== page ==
Want to play your part in reducing our environmental impact? You already are.

Mulberry leaves used in silk production are sustainably grown
The mulberry leaves used in silk production are a sustainably grown crop


In a report on the present and future sustainability of clothing and textiles by the University of Cambridge, there are 7 key ways you can minimise your impact on the environment with your clothing. By choosing to wear Silkbody you are actually already doing most of these things - and more!

1. Buy fewer more durable garments and textile products.
Silkbody lasts for years, silk being the strongest natural fibre. Our classic styles are enduring too.

2. When buying new products, choose those made with least energy and least toxic emissions, made by workers paid a credible living wage with reasonable employment rights and conditions.
Silk is still produced using the low-impact methods developed thousands of years ago. We personally visit our factories regularly and ensure they meet international standards - and ours! The ethical fashion rating app, Good On You, rates us highly. You can read more about our policies there. You can also check out how other brands compare.

Check out the Good On You ethical fashion rating app

3. Wash clothes less often, at lower temperatures and using eco-detergents, hang-dry them and avoid ironing where possible.
With Silkbody's natural odour-resistance, you don't have to wash it as often as cotton or synthetics. It dries so fast there's no need to use the dryer. If you hang it out straight away, ironing is also avoided!

4. Extend the life of clothing and textile products through repair.
We know our customers are not averse to a bit of mending. But with Silkbody this is hardly ever required anyway.

5. Dispose of used clothing and textiles through recycling businesses who would return them for second-hand sale wherever possible, but otherwise extract and recycle the yarn or fibres.
We're sure composting your garment counts as recycling here! Silkbody is almost fully compostable, as proven by company director David's photo of his own garden compost below. After 6 months only the synthetic label and polycotton sewing thread remains intact.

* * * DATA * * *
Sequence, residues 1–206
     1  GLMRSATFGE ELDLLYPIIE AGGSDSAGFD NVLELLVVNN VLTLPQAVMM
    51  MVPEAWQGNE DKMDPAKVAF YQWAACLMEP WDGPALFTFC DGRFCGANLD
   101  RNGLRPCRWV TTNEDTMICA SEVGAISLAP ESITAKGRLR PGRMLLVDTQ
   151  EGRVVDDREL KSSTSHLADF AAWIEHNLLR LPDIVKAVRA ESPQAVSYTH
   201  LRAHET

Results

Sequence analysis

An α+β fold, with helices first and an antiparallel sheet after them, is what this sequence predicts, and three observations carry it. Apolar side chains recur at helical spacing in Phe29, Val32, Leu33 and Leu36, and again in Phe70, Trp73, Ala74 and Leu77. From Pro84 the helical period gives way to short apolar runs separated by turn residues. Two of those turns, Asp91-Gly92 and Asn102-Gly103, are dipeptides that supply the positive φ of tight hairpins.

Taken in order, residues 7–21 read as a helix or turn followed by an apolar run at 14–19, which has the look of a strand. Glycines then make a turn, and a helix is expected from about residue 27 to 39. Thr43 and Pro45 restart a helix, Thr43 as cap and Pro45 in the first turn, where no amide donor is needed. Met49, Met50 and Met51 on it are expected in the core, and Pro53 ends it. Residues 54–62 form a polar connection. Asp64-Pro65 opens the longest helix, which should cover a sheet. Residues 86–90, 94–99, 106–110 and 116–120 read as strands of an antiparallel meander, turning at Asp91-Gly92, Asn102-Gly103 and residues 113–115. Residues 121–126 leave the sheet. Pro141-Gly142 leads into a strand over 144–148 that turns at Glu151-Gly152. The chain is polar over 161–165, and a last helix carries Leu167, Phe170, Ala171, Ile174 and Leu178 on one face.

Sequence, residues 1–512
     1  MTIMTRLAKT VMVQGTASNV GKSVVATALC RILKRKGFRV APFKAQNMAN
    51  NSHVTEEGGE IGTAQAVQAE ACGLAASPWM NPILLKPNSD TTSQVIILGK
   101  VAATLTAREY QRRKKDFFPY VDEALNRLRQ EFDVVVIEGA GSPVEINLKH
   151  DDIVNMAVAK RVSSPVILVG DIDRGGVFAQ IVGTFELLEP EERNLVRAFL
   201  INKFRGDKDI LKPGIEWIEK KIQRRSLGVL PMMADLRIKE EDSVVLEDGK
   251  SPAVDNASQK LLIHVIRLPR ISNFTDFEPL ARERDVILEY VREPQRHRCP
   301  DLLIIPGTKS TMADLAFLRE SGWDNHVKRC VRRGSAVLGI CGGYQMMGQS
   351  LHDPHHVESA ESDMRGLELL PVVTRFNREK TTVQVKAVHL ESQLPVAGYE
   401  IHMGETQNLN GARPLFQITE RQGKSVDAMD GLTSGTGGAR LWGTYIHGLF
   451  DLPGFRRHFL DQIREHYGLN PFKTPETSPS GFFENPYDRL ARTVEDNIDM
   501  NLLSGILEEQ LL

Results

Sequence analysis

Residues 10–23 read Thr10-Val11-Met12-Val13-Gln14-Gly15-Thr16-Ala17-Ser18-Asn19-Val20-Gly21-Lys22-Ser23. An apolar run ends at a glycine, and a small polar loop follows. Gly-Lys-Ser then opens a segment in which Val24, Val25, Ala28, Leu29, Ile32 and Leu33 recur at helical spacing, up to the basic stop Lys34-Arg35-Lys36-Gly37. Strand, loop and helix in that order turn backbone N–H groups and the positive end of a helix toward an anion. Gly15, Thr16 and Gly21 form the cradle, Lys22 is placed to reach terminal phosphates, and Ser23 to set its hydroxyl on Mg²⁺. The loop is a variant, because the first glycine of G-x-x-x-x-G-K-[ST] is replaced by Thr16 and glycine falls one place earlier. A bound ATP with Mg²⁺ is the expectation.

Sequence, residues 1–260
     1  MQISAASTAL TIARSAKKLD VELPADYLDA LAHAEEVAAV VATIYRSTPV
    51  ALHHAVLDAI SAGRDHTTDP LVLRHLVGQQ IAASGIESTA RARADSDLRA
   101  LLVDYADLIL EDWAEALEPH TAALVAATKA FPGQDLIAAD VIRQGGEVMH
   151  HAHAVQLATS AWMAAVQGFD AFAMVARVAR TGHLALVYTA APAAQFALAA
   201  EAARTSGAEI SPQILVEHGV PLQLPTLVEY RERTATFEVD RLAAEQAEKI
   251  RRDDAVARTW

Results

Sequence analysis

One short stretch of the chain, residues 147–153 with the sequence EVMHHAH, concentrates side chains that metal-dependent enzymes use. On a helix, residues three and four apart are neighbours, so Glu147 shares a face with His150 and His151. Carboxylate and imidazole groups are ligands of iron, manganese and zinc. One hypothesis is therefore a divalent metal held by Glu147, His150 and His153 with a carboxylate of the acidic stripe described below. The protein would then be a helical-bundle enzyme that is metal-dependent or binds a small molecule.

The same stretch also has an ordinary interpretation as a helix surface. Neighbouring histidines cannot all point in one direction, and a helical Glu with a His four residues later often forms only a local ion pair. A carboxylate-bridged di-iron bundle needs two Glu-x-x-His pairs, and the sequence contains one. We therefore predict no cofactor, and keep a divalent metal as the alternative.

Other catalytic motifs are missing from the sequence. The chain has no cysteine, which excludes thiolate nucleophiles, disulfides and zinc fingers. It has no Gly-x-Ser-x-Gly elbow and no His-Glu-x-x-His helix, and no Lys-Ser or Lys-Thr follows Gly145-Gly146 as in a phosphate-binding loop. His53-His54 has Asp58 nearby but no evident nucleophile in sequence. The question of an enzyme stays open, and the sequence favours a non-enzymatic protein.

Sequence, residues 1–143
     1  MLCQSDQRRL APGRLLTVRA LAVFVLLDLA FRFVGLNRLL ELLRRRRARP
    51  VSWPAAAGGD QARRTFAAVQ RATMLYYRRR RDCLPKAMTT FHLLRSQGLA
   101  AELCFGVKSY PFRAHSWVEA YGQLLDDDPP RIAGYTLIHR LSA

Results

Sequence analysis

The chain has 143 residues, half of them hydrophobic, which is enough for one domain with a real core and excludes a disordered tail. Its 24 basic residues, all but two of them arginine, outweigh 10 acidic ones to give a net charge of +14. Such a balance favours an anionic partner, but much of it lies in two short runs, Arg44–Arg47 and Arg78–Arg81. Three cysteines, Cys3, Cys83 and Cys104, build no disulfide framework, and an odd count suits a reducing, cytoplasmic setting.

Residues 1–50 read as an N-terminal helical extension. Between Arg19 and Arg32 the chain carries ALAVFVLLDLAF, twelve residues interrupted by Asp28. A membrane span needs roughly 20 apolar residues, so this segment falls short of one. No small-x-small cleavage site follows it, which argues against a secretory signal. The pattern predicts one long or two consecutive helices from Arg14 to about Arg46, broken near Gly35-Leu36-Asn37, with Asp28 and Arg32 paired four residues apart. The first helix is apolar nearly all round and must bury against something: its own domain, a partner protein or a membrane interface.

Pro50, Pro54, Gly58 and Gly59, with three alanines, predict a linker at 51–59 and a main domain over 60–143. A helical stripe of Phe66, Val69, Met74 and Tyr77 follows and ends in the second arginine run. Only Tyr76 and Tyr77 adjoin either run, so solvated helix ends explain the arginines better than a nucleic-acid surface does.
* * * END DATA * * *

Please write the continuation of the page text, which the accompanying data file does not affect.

Silkbody can be composted at the end of its life
You can also:

6. Buy second-hand clothing and textiles where possible.
Yes, your vintage habit is justified! We also have it on good authority that charity shops are very happy to receive Silkbody items as they have such good resale value.

7. Lease clothes that would otherwise not be worn to the end of their natural life.
We don't do wedding dresses or other low-use styles. All of our clothing is designed to be worn in a variety of situations and climates, making Silkbody a sound investment!

If you have any tips for reducing your environmental impact, we'd love to know about them in the comments.


Read the full report

Comments

Hello Karen

Sorry for the delay in replying, I wanted to check in with the factory first for an update. The reply is that the dyeing mill uses reactive dyestuff only. They must use several kinds of reactive dye stuff to maintain the colourfastness, so I cannot point you to a particular brand. In general, fibre reactive dyes are safe – they do not require toxic mordants and have zero to very low heavy metal content.
If you wish to avoid dyes altogether, you can choose anything in our Natural White colour – this is the natural, undyed fibre colour.

Best wishes, Emily

Hi can you please tell me what sort of dyes that you use for your silk garments and are they OK to put in the soil?
cheers Karen

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